The key to this problem is there must be assurances that a mistaken search would not occur; the burden of proof lies with the moving party. State v. Trasvina, supra at 523. This burden has not been met by the defendants. There is nothing in the record which would show adequate precautions were not taken except the allegation that there are four other Madisons in Pierce County. There is no showing there was a similar residence that could have been mistaken at the alternative addresses nor any attempt by defendants to show that the officers did not know the house in question or if the affiant was among the searching officers. In other words, the defendants made no showing that a mistaken *968 search could have occurred. Defendants did send out an investigator to take a picture of the residence, but not the alternative addresses. The result is that we are given no record from which we can discern that the warrant was violative of the Fourth Amendment and on its face it appears that a reasonable person could ascertain the Madison location.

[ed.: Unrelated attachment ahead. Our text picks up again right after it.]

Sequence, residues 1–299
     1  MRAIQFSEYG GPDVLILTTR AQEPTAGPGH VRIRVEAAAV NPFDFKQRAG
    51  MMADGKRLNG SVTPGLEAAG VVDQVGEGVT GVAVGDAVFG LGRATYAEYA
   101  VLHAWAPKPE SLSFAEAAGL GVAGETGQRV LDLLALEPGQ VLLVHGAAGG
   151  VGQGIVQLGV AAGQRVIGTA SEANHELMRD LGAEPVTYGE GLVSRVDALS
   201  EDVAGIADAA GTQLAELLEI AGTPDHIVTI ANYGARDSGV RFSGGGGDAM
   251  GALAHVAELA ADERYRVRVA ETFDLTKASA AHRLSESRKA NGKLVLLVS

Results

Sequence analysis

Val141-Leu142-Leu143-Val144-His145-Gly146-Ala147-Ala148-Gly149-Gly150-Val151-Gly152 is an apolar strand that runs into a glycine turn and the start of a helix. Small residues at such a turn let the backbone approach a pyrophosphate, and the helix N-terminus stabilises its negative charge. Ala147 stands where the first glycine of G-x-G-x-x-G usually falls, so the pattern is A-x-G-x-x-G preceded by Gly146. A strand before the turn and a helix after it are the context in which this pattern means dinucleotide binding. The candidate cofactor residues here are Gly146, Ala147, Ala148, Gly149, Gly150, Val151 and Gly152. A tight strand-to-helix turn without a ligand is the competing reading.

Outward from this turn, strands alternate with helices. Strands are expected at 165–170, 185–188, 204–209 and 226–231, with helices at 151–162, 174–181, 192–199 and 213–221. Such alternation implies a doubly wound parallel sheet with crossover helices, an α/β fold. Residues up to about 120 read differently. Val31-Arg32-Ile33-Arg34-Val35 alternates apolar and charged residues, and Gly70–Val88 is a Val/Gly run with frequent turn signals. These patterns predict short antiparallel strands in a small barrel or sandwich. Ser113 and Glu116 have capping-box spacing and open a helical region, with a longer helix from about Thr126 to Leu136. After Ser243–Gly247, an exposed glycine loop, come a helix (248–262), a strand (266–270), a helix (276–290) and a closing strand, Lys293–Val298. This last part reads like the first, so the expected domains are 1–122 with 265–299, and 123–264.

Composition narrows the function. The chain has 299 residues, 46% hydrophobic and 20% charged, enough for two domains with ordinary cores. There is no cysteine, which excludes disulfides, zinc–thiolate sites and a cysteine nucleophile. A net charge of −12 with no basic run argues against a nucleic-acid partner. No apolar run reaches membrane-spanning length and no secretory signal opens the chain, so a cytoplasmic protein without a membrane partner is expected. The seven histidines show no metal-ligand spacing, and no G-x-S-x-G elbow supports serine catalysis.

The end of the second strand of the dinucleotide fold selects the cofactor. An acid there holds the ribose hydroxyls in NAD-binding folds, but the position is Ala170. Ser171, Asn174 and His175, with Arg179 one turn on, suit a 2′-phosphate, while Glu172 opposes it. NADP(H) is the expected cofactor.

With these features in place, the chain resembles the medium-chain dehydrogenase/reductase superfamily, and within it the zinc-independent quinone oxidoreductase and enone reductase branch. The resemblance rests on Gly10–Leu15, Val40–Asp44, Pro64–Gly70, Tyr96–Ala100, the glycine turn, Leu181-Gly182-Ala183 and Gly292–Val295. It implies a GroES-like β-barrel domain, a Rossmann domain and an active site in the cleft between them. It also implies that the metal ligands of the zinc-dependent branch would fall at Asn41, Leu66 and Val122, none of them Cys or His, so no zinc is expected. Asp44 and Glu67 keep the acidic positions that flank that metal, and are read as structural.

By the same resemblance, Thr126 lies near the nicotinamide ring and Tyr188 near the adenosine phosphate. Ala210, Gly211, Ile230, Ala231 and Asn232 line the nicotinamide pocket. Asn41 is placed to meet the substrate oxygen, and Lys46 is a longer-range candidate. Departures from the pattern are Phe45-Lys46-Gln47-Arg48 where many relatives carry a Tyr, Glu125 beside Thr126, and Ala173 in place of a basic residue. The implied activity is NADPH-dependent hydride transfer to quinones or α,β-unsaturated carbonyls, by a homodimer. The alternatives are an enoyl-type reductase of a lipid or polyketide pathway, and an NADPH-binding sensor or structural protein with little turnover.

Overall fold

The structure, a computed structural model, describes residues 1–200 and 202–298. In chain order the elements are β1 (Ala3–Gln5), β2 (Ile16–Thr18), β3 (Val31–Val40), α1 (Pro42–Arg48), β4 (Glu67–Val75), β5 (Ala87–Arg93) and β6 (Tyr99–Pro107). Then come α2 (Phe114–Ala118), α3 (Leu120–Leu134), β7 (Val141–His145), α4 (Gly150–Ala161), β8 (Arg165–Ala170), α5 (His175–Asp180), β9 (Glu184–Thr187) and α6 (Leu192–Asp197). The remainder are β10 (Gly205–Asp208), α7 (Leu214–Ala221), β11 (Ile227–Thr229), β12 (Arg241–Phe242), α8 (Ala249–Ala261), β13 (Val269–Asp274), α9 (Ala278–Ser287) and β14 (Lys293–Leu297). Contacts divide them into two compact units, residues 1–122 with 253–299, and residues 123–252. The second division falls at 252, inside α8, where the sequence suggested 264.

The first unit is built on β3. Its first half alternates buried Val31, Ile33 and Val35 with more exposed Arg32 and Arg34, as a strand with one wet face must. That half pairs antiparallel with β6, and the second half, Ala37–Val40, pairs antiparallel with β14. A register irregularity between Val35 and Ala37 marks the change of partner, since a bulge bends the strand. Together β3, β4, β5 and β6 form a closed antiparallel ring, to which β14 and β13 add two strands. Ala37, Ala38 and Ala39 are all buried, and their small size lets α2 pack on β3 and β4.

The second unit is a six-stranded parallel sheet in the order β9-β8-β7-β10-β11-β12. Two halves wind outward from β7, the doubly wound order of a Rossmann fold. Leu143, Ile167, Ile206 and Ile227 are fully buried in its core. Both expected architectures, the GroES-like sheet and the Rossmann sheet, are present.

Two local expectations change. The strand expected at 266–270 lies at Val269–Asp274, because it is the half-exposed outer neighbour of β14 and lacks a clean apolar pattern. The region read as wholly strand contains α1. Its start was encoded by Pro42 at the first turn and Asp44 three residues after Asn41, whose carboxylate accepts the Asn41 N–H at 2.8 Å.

The question on whether the residence is a 1-story building (with an attic) or a 2-story building depends on one's point of view. From the photograph in the record, it is apparent a reasonable person could characterize it as the former. As for whether a mistake could have occurred, no evidence is offered to answer the question in the affirmative. See State v. Trasvina, supra. The question as to whether the warrant was valid must be resolved in favor of validity since no evidence was offered to alter this conclusion.

The Court of Appeals is reversed and the convictions affirmed.

BRACHTENBACH, C.J., and STAFFORD, DORE, and DIMMICK, JJ., concur.

UTTER, J. (dissenting)

The majority, reversing a unanimous Court of Appeals decision, establishes a rule for search warrants that completely fails to meet either the "veracity" or "personal knowledge" components demanded by the Fourth Amendment as interpreted by the United States Supreme Court. This error would be serious if limited to just this case. It is not. The rules we furnish to our lower courts and police officers regarding requirements for search warrants from the basis for frequent daily application. If we furnish erroneous standards, as the majority does in this case, we must bear the serious consequences of future mistakes that will invalidate otherwise proper convictions for more serious crimes.

With respect to the "veracity" requirement, the officer affiant stated: "The informant is reliable in that he/she has *969 given information regarding drug trafficing [sic] and use in the past which has proven to be true and correct." The statement provides no meaningful inference of reliability. I agree entirely with the unanimous Court of Appeals in this respect: